Although there was some schooling locally, Hannah More persuaded Holy Trinity Church to provide accommodation for one of her Sunday schools. In 1791 the Vestry agreed to build a house - Glebe Cottage - for a master and mistress of Hannah More's choosing.
The school was built in a stable - possibly at the west end of the Tithe Barn where there was already an established school for the poor. It officially opened in 1792.
The school was closed briefly in 1833 when Hannah More died. This was stipulated in her will as she personally was paying all of the rents and salaries and feared that they would not be continued. However, the school was re-opened in 1835 by the Anglican National Society. They provided education for 279 local children.
The school became Nailsea Parochial School and had an average attendance of 62 by 1852, however, admission registers only began in 1877 listing the names of all the pupils.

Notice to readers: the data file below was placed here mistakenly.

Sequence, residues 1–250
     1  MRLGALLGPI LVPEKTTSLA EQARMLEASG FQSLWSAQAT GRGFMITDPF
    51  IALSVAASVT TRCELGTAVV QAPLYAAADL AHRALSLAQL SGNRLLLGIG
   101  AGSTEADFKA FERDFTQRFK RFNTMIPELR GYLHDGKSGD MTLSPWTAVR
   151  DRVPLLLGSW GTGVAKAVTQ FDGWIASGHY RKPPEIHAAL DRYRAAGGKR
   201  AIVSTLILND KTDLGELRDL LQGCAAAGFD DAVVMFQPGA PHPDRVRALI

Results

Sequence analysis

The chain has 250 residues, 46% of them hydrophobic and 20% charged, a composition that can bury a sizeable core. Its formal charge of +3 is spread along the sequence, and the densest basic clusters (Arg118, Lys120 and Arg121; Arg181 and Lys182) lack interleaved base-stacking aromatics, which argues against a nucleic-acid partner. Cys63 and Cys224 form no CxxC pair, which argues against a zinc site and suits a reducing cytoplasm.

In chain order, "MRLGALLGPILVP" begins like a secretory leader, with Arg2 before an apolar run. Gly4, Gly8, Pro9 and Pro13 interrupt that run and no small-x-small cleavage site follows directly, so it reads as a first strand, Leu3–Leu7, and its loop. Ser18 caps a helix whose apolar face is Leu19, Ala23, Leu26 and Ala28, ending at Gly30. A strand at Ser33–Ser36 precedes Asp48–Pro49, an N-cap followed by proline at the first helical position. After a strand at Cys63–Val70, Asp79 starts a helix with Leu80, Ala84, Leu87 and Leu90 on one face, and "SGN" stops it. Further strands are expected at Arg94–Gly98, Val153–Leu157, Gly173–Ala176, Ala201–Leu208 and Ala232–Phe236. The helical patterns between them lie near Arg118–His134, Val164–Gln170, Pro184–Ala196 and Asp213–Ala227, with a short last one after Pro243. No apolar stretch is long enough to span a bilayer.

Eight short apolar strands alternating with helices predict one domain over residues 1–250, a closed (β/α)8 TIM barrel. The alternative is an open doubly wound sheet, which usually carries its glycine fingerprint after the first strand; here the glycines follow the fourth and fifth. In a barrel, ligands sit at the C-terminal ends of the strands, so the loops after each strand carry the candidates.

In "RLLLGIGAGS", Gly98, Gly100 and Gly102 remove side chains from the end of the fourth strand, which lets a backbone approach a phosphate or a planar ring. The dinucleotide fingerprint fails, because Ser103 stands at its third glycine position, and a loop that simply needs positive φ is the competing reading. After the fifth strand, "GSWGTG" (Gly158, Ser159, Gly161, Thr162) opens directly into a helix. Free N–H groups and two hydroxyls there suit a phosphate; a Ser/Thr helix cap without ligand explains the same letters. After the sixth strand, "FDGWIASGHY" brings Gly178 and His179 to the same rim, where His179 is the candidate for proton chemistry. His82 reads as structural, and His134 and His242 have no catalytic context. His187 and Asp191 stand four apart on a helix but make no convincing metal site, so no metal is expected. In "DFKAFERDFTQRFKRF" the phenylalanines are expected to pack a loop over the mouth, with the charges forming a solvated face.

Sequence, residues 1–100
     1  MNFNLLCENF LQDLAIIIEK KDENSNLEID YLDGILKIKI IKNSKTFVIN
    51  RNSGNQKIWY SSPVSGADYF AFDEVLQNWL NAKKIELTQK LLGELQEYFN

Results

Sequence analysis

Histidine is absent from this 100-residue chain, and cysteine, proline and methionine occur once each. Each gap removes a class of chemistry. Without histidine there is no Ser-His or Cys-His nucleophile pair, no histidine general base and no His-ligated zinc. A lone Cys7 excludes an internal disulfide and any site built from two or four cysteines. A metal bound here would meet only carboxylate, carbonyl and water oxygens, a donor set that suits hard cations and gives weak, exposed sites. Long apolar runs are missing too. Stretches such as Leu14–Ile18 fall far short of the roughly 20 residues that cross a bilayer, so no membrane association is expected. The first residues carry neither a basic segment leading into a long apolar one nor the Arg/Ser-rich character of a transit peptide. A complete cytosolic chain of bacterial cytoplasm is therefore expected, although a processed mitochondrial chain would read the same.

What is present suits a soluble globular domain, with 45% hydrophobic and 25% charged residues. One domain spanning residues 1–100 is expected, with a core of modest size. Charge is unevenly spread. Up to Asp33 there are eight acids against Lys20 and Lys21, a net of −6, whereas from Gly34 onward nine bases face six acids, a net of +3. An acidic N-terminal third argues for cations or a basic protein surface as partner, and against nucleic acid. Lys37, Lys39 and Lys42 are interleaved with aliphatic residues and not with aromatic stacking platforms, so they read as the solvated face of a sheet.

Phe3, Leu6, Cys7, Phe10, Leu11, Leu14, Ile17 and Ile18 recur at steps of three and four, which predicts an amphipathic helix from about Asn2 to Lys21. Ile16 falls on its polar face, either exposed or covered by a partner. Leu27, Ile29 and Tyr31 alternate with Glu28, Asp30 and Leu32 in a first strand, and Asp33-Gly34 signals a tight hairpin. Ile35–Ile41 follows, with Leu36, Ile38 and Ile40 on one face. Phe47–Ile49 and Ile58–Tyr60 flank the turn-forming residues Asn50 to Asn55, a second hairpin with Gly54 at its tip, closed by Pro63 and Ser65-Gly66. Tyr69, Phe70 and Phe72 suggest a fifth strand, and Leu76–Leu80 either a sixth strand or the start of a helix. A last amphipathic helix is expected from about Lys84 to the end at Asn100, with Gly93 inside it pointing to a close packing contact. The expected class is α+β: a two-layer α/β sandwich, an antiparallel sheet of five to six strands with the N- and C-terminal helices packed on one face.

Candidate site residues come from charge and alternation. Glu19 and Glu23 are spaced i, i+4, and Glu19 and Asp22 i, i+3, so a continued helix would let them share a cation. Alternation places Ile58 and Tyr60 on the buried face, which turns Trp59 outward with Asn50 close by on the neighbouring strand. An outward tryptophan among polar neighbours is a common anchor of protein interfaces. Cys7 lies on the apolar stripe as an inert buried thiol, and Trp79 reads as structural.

In 1901 Somerset Education Committee took over the school as a Voluntary Maintained Church of England primary school. It provided Secondary education from 1923 (although still retaining an infant class for children living nearest to the school).
Schooling in Victorian times was harsh, but then so also was working in the fields or in local industries. Parents did not always value education, and pupils were often absent.
An oil painting of Hannah More by Frances Reynolds circa 1780. Purchased with the assistance of...
Hannah More (1745-1833) was a Bristol-born writer, educationalist and abolitionist known for her charitable work. She...
The Tithe Barn, home of schooling for over 200 years, is a wonderful resource for learning about the past. Curriculum linked resources and activities are available across all key stages.